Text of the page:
I’ve been reading Brene Brown’s new book called Rising Strong. For those of you who do not know who she is, you MUST watch this incredible TED talk about the Power of Vulnerability. Amazing.
She has several books that are all worth reading but this newest one is probably my favourite. While it stays in the area of human resilience, Rising Strong focuses on the times when you have fallen flat on your face, trying to find a way to breath. This is best described by her words:
We much prefer stories about falling and rising to be inspirational and sanitized. Our culture is rife with these tales.
We like recovery stories to move quickly through the dark so we can get to the sweeping redemptive ending. I worry that this lack of honest accounts of overcoming adversity has created a Gilded Age of Failure.
But embracing failure without acknowledging the real hurt and fear that it can cause, or the complex journey that underlies rising strong, is gold-plating grit. To strip failure of its real emotional consequences is to scrub the concepts of grit and resilience of the very qualities that make them both so important—toughness, doggedness, and perseverance.
Yes, there can be no innovation, learning, or creativity without failure. But failing is painful. It fuels the “shouldas and couldas,” which means judgment and shame are often lying in wait.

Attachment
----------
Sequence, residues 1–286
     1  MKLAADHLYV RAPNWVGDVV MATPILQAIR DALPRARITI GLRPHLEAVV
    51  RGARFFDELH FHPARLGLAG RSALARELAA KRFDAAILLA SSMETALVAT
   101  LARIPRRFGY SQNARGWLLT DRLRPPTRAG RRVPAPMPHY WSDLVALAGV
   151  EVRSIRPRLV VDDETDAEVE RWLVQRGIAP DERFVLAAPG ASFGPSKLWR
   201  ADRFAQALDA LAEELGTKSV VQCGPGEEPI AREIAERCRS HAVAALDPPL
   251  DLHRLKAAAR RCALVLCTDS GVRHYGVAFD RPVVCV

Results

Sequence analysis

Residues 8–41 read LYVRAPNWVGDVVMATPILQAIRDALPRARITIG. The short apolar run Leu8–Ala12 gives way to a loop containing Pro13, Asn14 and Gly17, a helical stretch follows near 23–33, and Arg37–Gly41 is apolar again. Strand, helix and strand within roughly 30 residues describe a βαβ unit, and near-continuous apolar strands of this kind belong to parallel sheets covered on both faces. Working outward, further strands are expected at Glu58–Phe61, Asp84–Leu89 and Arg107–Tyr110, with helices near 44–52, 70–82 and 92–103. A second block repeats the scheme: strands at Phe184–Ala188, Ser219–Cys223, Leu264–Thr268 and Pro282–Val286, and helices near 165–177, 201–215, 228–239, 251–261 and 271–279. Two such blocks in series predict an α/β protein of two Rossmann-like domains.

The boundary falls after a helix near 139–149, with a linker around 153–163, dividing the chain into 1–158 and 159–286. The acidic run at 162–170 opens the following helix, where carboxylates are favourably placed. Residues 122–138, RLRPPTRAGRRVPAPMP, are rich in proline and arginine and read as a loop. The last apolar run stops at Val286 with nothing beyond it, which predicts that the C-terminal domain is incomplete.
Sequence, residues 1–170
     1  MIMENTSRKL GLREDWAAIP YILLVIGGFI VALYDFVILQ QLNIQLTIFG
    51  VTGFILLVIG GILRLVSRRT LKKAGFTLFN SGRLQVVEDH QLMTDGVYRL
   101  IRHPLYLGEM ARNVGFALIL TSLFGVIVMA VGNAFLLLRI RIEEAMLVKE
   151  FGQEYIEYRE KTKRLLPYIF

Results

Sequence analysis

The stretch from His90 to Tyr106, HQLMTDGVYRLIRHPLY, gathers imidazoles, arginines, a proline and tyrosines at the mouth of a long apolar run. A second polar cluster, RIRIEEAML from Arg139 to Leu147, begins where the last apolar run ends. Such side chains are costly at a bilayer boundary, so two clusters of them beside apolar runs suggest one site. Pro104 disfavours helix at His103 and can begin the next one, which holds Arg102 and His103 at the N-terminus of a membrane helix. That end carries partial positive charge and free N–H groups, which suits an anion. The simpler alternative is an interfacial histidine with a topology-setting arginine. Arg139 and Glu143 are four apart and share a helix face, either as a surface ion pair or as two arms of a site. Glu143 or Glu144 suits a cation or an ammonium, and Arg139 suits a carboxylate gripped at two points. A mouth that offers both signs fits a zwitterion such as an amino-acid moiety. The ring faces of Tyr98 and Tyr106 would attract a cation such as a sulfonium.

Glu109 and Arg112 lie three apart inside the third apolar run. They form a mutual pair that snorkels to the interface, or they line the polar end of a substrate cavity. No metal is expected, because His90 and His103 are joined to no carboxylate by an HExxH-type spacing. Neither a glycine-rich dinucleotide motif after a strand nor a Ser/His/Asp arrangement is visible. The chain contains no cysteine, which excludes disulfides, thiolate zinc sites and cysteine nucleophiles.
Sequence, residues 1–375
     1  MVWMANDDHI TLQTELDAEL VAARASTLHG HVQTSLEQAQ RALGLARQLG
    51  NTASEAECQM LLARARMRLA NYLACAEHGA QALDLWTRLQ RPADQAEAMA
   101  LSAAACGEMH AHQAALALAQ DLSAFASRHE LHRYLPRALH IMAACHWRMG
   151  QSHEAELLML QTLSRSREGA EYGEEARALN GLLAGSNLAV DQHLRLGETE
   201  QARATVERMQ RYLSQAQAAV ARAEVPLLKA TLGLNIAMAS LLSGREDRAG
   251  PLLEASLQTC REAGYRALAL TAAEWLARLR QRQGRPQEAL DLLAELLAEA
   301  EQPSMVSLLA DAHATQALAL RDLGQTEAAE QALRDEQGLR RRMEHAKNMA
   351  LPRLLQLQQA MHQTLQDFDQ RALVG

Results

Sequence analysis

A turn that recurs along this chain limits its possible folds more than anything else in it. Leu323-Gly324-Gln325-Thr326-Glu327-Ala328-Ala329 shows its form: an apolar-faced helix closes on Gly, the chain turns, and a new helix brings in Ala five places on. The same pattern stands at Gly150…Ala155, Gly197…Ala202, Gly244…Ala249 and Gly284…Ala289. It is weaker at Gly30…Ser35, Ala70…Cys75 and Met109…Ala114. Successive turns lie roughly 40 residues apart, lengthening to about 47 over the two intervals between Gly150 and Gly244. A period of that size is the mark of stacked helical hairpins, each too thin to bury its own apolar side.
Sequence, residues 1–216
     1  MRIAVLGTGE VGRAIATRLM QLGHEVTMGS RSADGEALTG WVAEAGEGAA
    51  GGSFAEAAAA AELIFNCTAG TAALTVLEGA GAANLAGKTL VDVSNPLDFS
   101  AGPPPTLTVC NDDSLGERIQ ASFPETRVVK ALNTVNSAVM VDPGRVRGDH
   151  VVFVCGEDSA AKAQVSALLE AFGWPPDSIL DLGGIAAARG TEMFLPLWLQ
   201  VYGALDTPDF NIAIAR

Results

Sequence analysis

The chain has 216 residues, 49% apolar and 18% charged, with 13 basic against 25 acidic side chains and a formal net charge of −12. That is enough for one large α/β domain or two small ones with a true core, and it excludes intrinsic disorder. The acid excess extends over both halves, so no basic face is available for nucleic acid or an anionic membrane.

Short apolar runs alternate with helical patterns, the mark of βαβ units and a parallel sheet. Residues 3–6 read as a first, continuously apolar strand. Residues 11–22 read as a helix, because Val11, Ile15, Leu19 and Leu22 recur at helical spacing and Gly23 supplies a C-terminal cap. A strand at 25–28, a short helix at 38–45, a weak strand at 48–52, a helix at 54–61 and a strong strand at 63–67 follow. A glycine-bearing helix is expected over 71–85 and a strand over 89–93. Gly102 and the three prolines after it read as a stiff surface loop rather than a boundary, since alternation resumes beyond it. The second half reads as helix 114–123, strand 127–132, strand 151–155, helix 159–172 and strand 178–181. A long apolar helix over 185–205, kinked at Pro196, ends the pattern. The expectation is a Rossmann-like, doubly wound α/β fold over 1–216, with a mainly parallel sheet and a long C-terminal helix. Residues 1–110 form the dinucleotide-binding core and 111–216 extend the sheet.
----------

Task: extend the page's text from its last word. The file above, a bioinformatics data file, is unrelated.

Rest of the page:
At one of my lowest points I asked a wise friend why people kept betraying me and she told me something similar to this next part and now I think I finally understand.
I want to be in the arena. I want to be brave with my life. And when we make the choice to dare greatly, we sign up to get our asses kicked. We can choose courage or we can choose comfort, but we can’t have both. Not at the same time.
Vulnerability is not winning or losing; it’s having the courage to show up and be seen when we have no control over the outcome. Vulnerability is not weakness; it’s our greatest measure of courage.
A lot of cheap seats in the arena are filled with people who never venture onto the floor. They just hurl mean-spirited criticisms and put-downs from a safe distance. The problem is, when we stop caring what people think and stop feeling hurt by cruelty, we lose our ability to connect. But when we’re defined by what people think, we lose the courage to be vulnerable. Therefore, we need to be selective about the feedback we let into our lives. For me, if you’re not in the arena getting your ass kicked, I’m not interested in your feedback.
The whole book is a powerful read and those people who live their life in the arena, versus taking pot shots from the cheap seats will relate. If you take nothing else away from the book, keep this close to your heart.
One final quote from her (though I literally want to cut and paste the whole book, it’s so good)…
Courage transforms the emotional structure of our being.
How true this is. But the transformation does not need to be negative, it’s all about how you rise strong and come up swinging again.